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On Her 50th Birthday, 15 Women Of Color Tell Us What Jennifer Lopez Means to Them

There are few Latinas who have made as big of an impact on the world of pop culture as Jennifer Lopez. From her days as a Fly Girl to the triple-threat who has sold over 80 Million records worldwide that she is now, JLo is a global icon. The Boricua has made headlines with her jaw-dropping fashions, star-studded relationships, and her elaborate performances. Lopez has done all this while repping the Latinidad and supporting her Puerto Rican roots.

On July 24th, the diva hits another huge landmark: she’s turning 50! With her upcoming birthday, it’s the perfect time for us to reflect on the impact JLo has had on us as fans, on the Latinidad, and on pop culture. We asked women of color to share what the star means to them.

Here’s what they had to say about JLo.

1. The icon who never gives up on her dreams.

Instagram / @JLo
“JLO is an icon for all women, especially for minorities. She is a woman who doesn’t give up, who set big goals and meets them. Someone many young girls look up to and she allows them to keep dreaming.” — Karina Magallon, Body Activist

2. The Selena connection.

Instagram / @multifandom_world_92

“To me, she will always be tied to my love of Selena, she did so well in that role, I felt closer to Selena as a child. It seems silly, but the loss of my first hero felt less tragic because all I needed to do was watch the movie and I wouldn’t be sad anymore. So Jennifer Lopez allowed me to cope because of her great acting ability.” — Sonya, Houston

3. A celebration of la cultura.

Instagram / @JLo

“I saw myself on screen for the first time in JLo. She celebrated my values, my features, and my culture unapologetically. I was too young to know Selena when she was alive, but JLo’s performance enabled me to know two Latina queens ???? She gave me the confidence to go after my goals in the most fierce way possible ????????????” — @getitgens

4. Body positive legend.

Instagram / @JLo

“I just wanted to be her, that’s all. I was made fun of for a big butt growing up. She definitely helped my feel more comfortable with my body, then big butts became a thing and I was like???????????? ????????” — @kailababykakes

5. Her lyrics keep us singing.

Instagram / @JLo

“Sis, my love don’t cost a thannngg ????????” — @princessdianae

6. She’s an inspiration to her fans.

Instagram / @JLo

“In SO MANY WAYS! She is my idol and a great source of inspiration — I see myself represented by her and feel so connected to her. ❤️” — @natalieacorrea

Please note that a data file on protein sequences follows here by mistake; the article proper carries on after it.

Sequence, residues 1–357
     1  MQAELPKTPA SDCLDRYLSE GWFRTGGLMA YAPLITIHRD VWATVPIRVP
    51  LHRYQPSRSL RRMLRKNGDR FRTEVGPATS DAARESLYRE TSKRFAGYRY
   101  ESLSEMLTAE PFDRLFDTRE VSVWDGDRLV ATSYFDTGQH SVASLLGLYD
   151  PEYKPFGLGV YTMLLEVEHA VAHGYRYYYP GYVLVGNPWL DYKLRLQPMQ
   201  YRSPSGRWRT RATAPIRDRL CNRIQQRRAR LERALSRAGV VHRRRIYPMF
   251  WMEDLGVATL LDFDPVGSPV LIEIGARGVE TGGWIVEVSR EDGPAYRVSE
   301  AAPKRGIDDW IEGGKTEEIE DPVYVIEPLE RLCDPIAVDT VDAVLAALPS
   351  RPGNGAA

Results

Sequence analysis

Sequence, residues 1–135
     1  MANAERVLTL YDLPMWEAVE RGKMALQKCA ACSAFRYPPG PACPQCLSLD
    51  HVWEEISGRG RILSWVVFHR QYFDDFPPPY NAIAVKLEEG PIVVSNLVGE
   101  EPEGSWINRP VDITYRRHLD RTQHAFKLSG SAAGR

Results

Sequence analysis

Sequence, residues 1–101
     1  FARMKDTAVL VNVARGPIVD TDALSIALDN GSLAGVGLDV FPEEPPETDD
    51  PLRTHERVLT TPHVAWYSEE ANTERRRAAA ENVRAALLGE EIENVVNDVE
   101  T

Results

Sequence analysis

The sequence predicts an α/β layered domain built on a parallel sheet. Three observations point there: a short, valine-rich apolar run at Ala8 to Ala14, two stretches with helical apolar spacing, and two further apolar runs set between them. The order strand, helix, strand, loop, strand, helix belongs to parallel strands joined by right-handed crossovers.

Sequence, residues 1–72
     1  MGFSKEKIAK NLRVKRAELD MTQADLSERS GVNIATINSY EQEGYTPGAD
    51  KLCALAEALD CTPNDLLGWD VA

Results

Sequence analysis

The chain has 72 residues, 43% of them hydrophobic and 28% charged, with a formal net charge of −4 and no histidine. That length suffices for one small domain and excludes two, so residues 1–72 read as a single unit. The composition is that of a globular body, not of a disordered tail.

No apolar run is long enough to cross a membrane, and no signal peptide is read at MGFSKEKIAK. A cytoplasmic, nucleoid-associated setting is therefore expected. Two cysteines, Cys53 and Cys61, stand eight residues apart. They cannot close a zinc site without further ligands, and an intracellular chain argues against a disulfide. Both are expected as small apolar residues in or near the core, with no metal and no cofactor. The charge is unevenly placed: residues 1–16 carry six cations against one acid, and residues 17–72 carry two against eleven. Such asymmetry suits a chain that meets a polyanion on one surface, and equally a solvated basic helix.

7. Fly Girls unite!

Instagram / @80s_90s_nostalgia

“Latina or not – she’s the reason I wanted to be a Fly Girl” — @zerowasteco

8. Confidence Queen.

Instagram / @JLo

“I have always listened to JLo growing up. She definitely made me feel confident about myself. I love her????” — @sydsdanceworld_

9. Her body represented a cultural shift.

Instagram / @JLo

“She became popular around the same time that movies like ‘The Craft’ had a skinny white actress complaining about her butt being too big. As JLo’s popularity grew, so did acceptance of fat asses, and at least SOME curves. She helped end the whole heroine chic look…I appreciated the effect her body had on influencing changes society.” —@lilith.cenobite

10. Forever family-focused.

Instagram / @JLo

“Of course I’ve been a fan of JLo since back in her Selena days, but what really resonates with me is her focus on her family. The co-parenting she and her ex do with their twins seems genuinely good-natured and aimed at keeping their twins happy and loved. All of the pictures she shares of her family on Instagram always make me smile because her family looks so full of love.” — @teoami

11. Her music represents the sounds of the Latinidad.

Instagram / @JLo

“I like that she is there to represent the Latino/a community, gives a little taste of the music and sound that we hear/listen to.” — @wickedly76

12. Success is the name of the game.

Instagram / @JLo

“As an Afro-Latina, I didn’t really see a lot of women who fell into a category of being Black and Latina at the same time. But as a Boricua, I still looked up to J.LO so much. I saw her success and it felt tangible for me. If she could look like she did and have success, I thought maybe I could too.” — Veronica, Chicago

13. The honest misunderstanding.

Instagram / @selenaq212

“I hated her (at first) because I was too young to understand that she was just playing role and not trying to replace Selena ????????????” — @ceegetsfit

14. Two Words:

Instagram / @JLo

“Hoop earrings” — kaycasti

15. THE Latina Fashionista

Instagram / @JLo

“I grew up in a house with a mother who dressed relatively conservatively. (Like she literally wears pearl studs and a cardigan every day.) It’s a style that I’ve always admired and has had a huge influence on my own dress but I do remember seeing J.Lo when she was in her earlier days and really feeling so in awe of her style. Any new trend she was sporting on a magazine cover I was too. I remember seeing her on a Cosmo cover when I was a little girl wearing white and I still try to find dresses like that!” -Akportee / Instagram

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